4th quarter growth weakest in 3 years
By Jeannine Aversa
By Jeannine Aversa
WASHINGTON — The economy slowed to a near crawl in the final quarter of 2005, a listless showing that was the worst in three years. However, growth was respectable for the year and is expected to perk up again soon.
Gross domestic product was at an annual rate of just 1.1 percent from October through December, compared with the third quarter's brisk 4.1 percent pace, the Commerce Department reported yesterday.
Belt tightening by consumers, businesses and the government figured into the fourth quarter's slowdown.
GDP, which measures the value of all goods and services produced within the United States, is the best barometer of the economy's fitness.
The economy's growth rate was 3.5 percent for all of 2005 — a year when the country coped with fallout from lofty energy prices and the devastating Gulf Coast hurricanes.
Analysts called the GDP figure for all of 2005 solid, although it was down from 2004's 4.2 percent gain.
"Considering the impact of the hurricanes and record heating bills last year, the economy continues to show remarkable resilience," said Bill Cheney, chief economist at John Hancock Financial Services.
Looking at the fourth quarter, economists felt the slowdown was more of a temporary setback rather than a harbinger of a sustained period of economic troubles ahead.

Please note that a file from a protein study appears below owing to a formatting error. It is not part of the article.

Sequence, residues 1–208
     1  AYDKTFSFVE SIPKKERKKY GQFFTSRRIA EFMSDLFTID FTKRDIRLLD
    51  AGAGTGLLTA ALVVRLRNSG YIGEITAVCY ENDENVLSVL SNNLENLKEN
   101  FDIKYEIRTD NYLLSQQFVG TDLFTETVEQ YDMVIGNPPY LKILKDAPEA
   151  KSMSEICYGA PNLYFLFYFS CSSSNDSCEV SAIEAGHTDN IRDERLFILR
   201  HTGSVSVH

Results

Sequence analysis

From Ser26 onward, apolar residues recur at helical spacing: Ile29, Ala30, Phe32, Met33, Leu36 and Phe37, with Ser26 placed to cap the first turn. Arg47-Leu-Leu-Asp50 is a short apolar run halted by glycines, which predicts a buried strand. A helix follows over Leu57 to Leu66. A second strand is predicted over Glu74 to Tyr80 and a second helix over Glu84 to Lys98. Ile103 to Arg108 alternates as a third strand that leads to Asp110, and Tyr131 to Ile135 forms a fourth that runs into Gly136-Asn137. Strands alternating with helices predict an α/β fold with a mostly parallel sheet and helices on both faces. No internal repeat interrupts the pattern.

"The economy hit a pothole in the fourth quarter. I'm not at all worried about the health of the economy," said Mark Zandi, chief economist at Moody's Economy.com.
Zandi believes the economy in the current January-to-March quarter is already doing better and predicts growth will come in around a 4 percent pace.
For all of 2006, analysts project economic growth to top 3 percent.
Consumers turned cautious in the final quarter as high energy prices and rising borrowing costs took a toll on their budgets. Their spending grew at a 1.1 percent pace, the slowest since the second quarter of 2001 when the economy was suffering a recession.
Most of the weakness came as people cut back on purchases of big-ticket items, such as cars. This spending dropped by a hefty 17.5 percent rate, the sharpest decline since the first quarter of 1987.
Businesses also were more restrained, boosting spending on equipment and software at a 3.5 percent rate in the fourth quarter, the smallest since the first quarter of 2003.
Another factor restraining overall GDP in the fourth quarter: federal government spending, which fell at a 7 percent rate, the biggest drop since the third quarter of 2000.
Analysts, skeptical about this decline, believed it would be reversed, especially given spending planned for the war in Iraq and hurricane cleanup and rebuilding.
While growth slowed in the fourth quarter, inflation picked up, according to one price measure in the report that is closely watched by the Federal Reserve.
"Core" prices — excluding food and energy costs — rose at a 2.2 percent rate in the fourth quarter, up from a 1.4 percent growth rate in the third quarter.